US ambassador to China voices concerns about home economy

In a downbeat speech, former top trade negotiator Charlene Barshefsky refuses to consider protectionism against the rising might of China.

Warning of job losses, inadequate basic research, poor primary schooling and an exploding budget deficit, the woman who negotiated China's entry to the World Trade Organization two years ago gave a surprisingly pessimistic speech about US economic prospects on Tuesday.

"The US underperformed from 2000 -2003. This was a period when the US saw three successive years of job losses, the first time since the Great Depression of the 1930s," Barshefsky said at the 37th Pacific Basin Economic Council meeting in Beijing

In contrast, she cited the growing trade power of China, which overtook the US last year as the biggest export market for Korea and Japan.

China also recently overtook Japan as the biggest exporter by value to the US market, and could conceivably overtake the US as the world's biggest import market as early as 2007.

Yet when asked by members of the audience whether this meant it was time for the US to protect itself by via tariffs and similar protectionist measures, Barshefsky said no.

"I don't believe it's right to be afraid of smart people,"she said, adding that the trade framework of the last 50 years had contributed enormously to the explosion of global wealth.

Even when members of the audience pointed out that the region had accumulated around $1 trillion in foreign reserves partly as a by-product of keeping their currencies artificially low, Barshefsky would not be drawn, other than to comment that the US and other countries did not have spotless records when it came to policy.

Her low-key and tactful comments come as a complete contrast to those carried in China's papers today.

Long Yongtu, her former opponent during China's negotiations to the WTO, adopted quite a different tone when discussing the controversy surrounding China's status as a 'market economy'.

China is keen to be awarded official recognition of market economy status because it would mean countries can't accuse it of dumping goods at below market price.

China is currently the target of a great deal of such litigation.

The European Union administered a blow to this hope when it declined to recognize China as a market economy last week.

A combative Long suggested that given China's growth and potential, whether or not China was a market economy was an internal decision for China, not a matter of waiting for other countries to acknowledge it.

The remark smacks of hubris or perhaps simply a matter of saving China's face. However, it's also true Long has come under huge pressure from China's private sector for creating a 'one-way street' of benefits in favour of foreigners in key service areas such as insurance and telecommunications. It's therefore likely he wants to assert his credentials as a patriot.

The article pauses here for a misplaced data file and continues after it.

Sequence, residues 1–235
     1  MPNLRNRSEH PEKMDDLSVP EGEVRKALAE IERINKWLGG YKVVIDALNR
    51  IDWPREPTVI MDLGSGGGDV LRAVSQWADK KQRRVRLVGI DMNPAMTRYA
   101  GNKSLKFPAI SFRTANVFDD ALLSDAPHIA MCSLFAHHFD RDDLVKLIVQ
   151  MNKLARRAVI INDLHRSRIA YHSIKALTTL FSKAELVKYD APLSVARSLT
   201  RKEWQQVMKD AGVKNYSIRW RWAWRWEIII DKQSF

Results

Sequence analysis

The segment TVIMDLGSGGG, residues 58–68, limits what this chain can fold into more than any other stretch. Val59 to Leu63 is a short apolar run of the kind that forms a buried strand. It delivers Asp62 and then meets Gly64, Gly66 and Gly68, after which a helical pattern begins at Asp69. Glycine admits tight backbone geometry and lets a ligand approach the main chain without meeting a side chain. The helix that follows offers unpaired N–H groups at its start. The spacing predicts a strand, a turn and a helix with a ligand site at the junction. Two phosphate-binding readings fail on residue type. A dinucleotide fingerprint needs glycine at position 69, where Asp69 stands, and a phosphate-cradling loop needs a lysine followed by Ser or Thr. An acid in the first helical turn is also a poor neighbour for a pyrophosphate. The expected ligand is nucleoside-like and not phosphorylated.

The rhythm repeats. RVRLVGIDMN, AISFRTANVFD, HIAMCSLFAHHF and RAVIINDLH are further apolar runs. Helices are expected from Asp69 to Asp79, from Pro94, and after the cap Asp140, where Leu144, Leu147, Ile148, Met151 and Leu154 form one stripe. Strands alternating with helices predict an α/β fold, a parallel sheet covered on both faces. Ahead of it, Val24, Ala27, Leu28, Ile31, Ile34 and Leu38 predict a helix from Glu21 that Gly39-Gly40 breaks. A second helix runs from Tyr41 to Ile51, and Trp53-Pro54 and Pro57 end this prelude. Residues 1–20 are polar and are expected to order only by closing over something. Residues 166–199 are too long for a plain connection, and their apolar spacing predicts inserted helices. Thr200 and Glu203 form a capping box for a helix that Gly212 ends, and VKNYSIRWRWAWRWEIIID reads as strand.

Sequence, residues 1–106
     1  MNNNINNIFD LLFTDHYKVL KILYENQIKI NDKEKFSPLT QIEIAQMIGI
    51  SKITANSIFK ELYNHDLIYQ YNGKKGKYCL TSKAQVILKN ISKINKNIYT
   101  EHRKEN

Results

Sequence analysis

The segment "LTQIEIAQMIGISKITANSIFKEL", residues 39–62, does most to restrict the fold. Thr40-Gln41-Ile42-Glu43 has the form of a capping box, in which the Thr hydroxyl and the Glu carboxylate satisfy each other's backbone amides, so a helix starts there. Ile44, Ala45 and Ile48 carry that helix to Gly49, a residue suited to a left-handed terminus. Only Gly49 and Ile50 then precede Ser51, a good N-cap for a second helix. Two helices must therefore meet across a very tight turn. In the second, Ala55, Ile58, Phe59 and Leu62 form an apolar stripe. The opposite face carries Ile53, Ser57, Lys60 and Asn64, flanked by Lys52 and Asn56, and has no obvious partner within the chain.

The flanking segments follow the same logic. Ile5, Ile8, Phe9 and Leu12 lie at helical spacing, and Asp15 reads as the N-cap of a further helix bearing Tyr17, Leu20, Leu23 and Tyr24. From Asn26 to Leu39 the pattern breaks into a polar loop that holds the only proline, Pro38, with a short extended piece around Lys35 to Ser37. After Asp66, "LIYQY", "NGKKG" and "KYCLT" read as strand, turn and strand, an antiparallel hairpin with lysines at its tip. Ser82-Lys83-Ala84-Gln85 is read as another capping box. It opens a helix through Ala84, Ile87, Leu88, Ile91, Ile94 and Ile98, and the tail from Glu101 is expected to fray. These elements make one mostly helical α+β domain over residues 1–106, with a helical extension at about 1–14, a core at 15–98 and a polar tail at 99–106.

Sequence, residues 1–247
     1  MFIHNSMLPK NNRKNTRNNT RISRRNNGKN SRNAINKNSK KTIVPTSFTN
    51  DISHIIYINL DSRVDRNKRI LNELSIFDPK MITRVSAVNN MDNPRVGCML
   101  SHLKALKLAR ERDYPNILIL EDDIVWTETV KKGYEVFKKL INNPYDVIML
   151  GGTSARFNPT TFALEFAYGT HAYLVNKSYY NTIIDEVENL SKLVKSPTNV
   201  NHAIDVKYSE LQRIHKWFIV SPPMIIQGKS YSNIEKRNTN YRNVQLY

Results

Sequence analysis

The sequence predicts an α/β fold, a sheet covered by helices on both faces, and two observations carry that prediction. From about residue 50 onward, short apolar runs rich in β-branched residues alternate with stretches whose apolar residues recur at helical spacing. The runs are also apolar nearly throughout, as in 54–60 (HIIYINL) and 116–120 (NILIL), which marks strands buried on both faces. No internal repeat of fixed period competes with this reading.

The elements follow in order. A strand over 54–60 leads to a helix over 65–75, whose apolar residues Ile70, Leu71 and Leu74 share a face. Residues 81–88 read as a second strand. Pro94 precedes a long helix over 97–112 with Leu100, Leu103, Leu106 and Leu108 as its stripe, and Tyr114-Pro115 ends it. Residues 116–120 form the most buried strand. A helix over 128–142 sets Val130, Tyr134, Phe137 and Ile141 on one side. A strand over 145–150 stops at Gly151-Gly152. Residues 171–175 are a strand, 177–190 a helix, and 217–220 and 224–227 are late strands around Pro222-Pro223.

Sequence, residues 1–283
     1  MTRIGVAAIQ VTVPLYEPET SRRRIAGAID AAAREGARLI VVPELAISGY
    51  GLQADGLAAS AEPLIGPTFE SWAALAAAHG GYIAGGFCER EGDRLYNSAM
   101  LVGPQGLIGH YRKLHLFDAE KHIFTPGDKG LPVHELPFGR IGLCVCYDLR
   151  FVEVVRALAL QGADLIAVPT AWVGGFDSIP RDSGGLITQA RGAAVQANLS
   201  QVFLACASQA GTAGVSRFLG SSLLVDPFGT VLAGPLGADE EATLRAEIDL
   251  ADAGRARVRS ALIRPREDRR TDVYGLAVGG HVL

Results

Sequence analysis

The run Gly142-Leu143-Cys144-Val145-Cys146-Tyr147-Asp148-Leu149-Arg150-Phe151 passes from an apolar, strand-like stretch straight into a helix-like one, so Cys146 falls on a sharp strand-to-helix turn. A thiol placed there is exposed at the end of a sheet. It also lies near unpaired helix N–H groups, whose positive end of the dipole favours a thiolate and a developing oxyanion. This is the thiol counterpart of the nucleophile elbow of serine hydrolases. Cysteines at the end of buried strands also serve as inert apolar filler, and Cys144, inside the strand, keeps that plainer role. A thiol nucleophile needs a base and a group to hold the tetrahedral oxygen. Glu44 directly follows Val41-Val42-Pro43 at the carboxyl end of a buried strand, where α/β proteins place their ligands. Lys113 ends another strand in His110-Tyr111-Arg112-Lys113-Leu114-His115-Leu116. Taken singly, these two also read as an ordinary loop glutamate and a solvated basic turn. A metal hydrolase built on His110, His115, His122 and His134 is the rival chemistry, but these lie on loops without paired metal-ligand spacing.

It's perhaps in order to avoid pouring oil on the flames that the ambassador took the opposite approach of emphasizing US weakness rather than US strength.

The gist of her message may have come right at the end of her speech when she said it was very important for China to ensure it implanted WTO rules in order to give Americans the feeling that they were not being treated unfairly.

"It's true that avoiding WTO implementation, noticeably in certain service sectors and agriculture, is a breeding ground for resentment," she pointed out.

She added that one reason for China's unpopularity in some parts of the US was the high visibility of the light industrial products China exports in such quantities.

It is workers in this area in the US who tend to be low paid and especially vulnerable to lay-offs she remarked.

However, Barshefsky was careful to emphasize that in manufacturing, for example, 80% of job reductions came as a result of sharp increases in productivity, not because of goods from China.

Referring to China's desire for the status of a market economy she said that China would be exposed to a huge number of lawsuits if it obtained it.

"China would immediately be sued by US companies for receiving unfair subsidies," she pointed out.

As a non-market economy, China is currently immune from that charge, since it is accepted that subsidies exist in non-market economies, although non-market economies can be sued for dumping.

China's status as a non-market economy is quite controversial. While Barshefsky said that many parts of the economy were as free or more free than the emerging Eastern European economies of Hungary and Poland, some facets of China economy make her bid to win market economy status unrealistic. For example, the government still controls the prices of such key commodities as water, electricity and land, thereby benefiting local companies.

Barshefsky concluded that it was important for the major economies of Asia, whose large current account surpluses are the mirror image of the US' deficits, to work closely together to minimize friction.

"China is adopting the export-led model, just as its North Asian neighbours have done in the past. It's a model that works, that produces economic growth, but it's also a model that creates a lot of friction,"she said.

Numerous members of the forum commented on the under-representation of the Asian economies in organizations such as the G8, the United Nations security council, and the International Monetary Foundation.

Barshefsky suggested that invigorating the Asia Pacific Economic Council would be a good forum for closer links.

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